WASHINGTON — A 20-percent drop in produce prices in two years is a big stand out in the latest evaluation of D.C.-area grocery store chains done by a local consumers’ group.
“That’s significant, because Whole Foods gets pretty good ratings for quality, quality of produce,” said Kevin Brasler, executive editor at Checkbook.org.
“Now, produce at Whole Food’s costs less than it does at, say, Safeway or Shoppers, which (also) is significant because Safeway and Shoppers don’t get good ratings at all for quality of produce.”
However, average out the prices across all the different categories of food evaluated by Washington Consumer’s Checkbook, and Whole Foods is the highest priced chain in the area.
There are fewer than a dozen Wegmans stores in the immediate D.C. area, but Brasler said it can’t be beat.
“Wegmans really represents the one combination of price and quality in this area where you really can have it all,” he said.
For overall customer service and quality of produce and meat, Wegmans ranks “outstandingly high.”
Here are customer rankings for “superior overall”:
- Wegmans — 94 percent
- Whole Foods — 73 percent
- Giant — 39 percent
- Safeway — 30 percent
Wegmans prices aren’t as low as Walmart’s or other price leaders, but they’re comparable to middle-of-the-pack Giant, and well below Safeway prices.
As far as Safeway and Giant, Brasler said, “both get pretty poor rankings for things like quality of produce, quality of meat and customer service. And neither offer really low prices.”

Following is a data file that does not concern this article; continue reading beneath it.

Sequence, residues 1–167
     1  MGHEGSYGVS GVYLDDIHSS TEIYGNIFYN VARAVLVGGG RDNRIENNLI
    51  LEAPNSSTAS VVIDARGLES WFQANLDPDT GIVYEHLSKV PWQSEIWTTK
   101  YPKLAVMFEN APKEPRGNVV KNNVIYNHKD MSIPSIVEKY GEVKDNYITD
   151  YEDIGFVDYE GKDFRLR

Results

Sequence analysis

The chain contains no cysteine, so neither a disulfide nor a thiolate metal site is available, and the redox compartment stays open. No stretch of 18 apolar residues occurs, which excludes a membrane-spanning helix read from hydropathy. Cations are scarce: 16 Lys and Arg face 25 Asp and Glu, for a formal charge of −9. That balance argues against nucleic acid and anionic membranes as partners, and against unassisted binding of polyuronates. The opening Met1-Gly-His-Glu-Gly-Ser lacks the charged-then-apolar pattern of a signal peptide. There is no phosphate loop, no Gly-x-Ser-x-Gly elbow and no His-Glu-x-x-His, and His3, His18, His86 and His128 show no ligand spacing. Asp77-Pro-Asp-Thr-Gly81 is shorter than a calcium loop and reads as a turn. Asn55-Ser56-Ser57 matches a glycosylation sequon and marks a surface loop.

Safeway prices were among the highest in the area after Whole Foods, which is the highest-priced chain. Giant’s prices run 8 to 10 percent lower than Safeway’s, depending on the store, and are comparable to Harris Teeter and Shoppers.
A newcomer with just a few area stores joins Walmart and Target for some of the lowest grocery prices.
PriceRite has stores in Woodbridge, Virginia, and in Maryland, in Hyattsville and District Heights. “It has very low prices,” Brasler said.
The grocery game is growing
It wasn’t that long ago that Giant and Safeway were the only big chains in the region before Shoppers and Food Lion arrived.
“These days, there’s lots of choices. There’s Costco, and Sam’s Club, and Walmart and Target,” Brasler said.
The profit margin on food is really small, but Brasler said those stores realize you might buy other stuff during your visit.
Checkbook bases average store prices of 154 common items most people buy, such as produce, meat, dairy, non-perishables and frozen goods.
Campbell’s tomato soup is one example, which can make comparison shopping a challenge among stores that don’t sell national brands. Brasler said that’s not necessarily a problem with Trader Joe’s, because people really like their products that often are comparable or superior to national brands.
Brasler said when the exact same item can’t be compared, “we’re kind of doing the best we can.”
No ‘name brands’ at stores with rock-bottom prices
Brasler describes prices at Aldi as “shockingly low,” but said Aldi and another newcomer from Europe, Lidl, only offer their own products and don’t sell national brands.
“Lidl is beginning to open up stores in the area. Its prices are similar to Aldi’s. Its prices are about 40-percent lower than average,” Brasler said.
Through a special arrangement with Washington Consumers’ Checkbook, WTOP.com readers can see Checkbook ratings on local grocery stores’ price and quality for a limited time.
Consumers’ Checkbook/Center for the Study of Services is an independent, nonprofit consumer organization founded in 1974. It has been an innovator in providing information to help consumers make smarter choices for more than 40 years.
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